Kristin Murphy, Deseret News archives
Matt Pacenza, policy director for HEAL Utah, raises concerns about Blue Castle's proposed nuclear generating station during a House Natural Resources Committee Meeting at the State Capitol Building in Salt Lake City on Monday, Feb. 7, 2011.

SALT LAKE CITY — Multiple groups hoping to kill plans for a proposed twin-reactor nuclear power plant in Emery County are asking the district court to overturn the Utah state engineer's decision granting 53,600 acre-feet of water to the project.

Lawsuits were filed late Tuesday in the 6th and 7th district courts — representing the two blocks of water awarded by Kent Jones in late January — asserting Jones failed to follow the law when he made his decision.

“The state engineer had an obligation to ask hard questions and take a close look at the withdrawal of so much Utah water for such a risky enterprise,” said Sarah Fields with Moab-based Uranium Watch. “He did not do that. He did not meet the minimal standard for the review of a water right appropriation."

Aaron Tilton's Blue Castle Holdings is proposing to take the water from the Green River for use in the cooling process at the proposed plant, which would be located near the city of Green River in Emery County and generate 3,000 megawatts of electricity.

Tilton, a former state lawmaker from Utah County who is president and chief executive officer of the company, said Wednesday he believes Jones' decision will have no problem prevailing in district court.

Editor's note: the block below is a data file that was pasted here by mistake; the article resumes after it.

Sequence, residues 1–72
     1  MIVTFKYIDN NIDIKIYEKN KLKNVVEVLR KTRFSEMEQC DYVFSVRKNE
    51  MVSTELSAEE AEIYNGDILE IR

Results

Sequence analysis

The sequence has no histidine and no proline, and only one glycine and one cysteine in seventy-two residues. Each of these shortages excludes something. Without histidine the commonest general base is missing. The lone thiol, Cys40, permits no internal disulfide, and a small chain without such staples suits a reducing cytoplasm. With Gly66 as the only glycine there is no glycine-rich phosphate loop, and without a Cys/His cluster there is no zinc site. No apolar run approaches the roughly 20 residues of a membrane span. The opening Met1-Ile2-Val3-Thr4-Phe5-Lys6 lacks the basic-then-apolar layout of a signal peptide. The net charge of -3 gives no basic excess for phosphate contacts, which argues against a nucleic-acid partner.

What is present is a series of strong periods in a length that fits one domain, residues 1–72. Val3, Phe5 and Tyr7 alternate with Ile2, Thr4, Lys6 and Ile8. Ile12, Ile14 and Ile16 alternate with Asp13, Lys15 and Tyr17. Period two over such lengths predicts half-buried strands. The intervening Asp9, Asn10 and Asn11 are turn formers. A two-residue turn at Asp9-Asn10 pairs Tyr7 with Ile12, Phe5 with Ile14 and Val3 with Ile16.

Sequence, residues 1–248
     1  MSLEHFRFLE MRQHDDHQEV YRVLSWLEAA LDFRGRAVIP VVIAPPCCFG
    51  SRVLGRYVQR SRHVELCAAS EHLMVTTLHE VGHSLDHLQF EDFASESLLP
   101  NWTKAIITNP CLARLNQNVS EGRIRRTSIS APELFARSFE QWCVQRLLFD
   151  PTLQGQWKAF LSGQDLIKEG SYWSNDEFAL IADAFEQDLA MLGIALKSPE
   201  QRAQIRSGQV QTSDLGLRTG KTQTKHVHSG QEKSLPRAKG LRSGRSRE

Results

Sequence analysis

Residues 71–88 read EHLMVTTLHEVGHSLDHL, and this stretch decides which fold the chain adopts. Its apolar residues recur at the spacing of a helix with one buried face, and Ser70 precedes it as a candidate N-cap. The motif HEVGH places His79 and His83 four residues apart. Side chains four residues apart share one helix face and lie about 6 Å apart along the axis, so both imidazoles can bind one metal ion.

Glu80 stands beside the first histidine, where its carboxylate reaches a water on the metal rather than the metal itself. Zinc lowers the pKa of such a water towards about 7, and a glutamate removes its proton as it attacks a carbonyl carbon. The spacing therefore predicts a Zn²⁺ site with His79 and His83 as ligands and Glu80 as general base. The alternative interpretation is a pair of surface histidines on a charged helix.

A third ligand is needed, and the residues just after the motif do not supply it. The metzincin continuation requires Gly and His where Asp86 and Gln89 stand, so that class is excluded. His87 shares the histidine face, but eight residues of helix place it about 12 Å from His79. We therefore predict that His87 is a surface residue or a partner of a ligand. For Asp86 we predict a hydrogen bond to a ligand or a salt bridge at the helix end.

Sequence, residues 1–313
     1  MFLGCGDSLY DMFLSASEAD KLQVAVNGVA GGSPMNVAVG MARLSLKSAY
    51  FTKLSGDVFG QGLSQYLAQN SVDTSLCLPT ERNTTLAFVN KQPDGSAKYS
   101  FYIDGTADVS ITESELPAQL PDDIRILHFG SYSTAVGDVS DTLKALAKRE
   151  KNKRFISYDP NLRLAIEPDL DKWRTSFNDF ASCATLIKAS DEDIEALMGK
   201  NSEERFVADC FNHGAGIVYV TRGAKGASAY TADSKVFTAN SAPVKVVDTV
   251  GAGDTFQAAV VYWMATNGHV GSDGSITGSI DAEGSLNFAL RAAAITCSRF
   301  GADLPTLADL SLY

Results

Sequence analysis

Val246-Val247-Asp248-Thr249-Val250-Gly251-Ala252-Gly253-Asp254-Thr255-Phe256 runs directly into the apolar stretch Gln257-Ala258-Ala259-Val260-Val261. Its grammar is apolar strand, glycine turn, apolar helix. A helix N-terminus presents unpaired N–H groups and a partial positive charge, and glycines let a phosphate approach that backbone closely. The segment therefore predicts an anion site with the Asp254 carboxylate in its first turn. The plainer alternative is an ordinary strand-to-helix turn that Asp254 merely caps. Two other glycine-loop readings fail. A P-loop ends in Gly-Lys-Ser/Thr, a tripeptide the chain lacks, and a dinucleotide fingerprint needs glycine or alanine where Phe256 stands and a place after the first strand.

"We are very confident it will be upheld. The state engineer obviously denied the protestants on the same basis of what issues they are raising now," Tilton said. "Water law is very settled, very predictable, and certainly the two years the state engineer spent looking at our change application and the use of the water at the plant was fairly lengthy, in depth and very detailed."

The water in question is already owned but unused by a pair of water conservancy districts and would be leased under long-term contracts that would generate a financial windfall to the rural areas of Kane and San Juan counties.

Led by HEAL Utah and Uranium Watch, challengers to the water rights claim Jones failed to show the nuclear reactors won’t interfere with other water rights or that the withdrawals are sustainable for the health of the Green River ecosystem.

Matt Pacenza, policy director of HEAL Utah, said judicial review of Jones' decision will bring a necessary and critical layer of scrutiny to the issue.

“Gov. Gary Herbert has said he hasn’t yet made up his mind on nuclear power, but meanwhile his administration approves water for the Green River nukes with only a cursory review,” he said. “We felt we had no choice but to go to court so that someone could actually take a close look a this project.”

HEAL Utah and Uranium Watch are joined by 16 other plaintiffs, including the Utah Rivers Council, Living Rivers and the Center for Water Advocacy. Others include businesses that depend on the Green River such as Moki Mac River Expeditions and Holiday River Expeditions, and several residents from Green River, Moab and Salt Lake City.

Pacenza said Jones also failed to consider the financial viability of the project, and while acknowledging that there were many unknowns associated with proposal, wrongly deferred to the U.S. Nuclear Regulatory Commission.

"We hope the court will unearth some more facts about the various issues that show what a really bad idea this is," Pacenza said.

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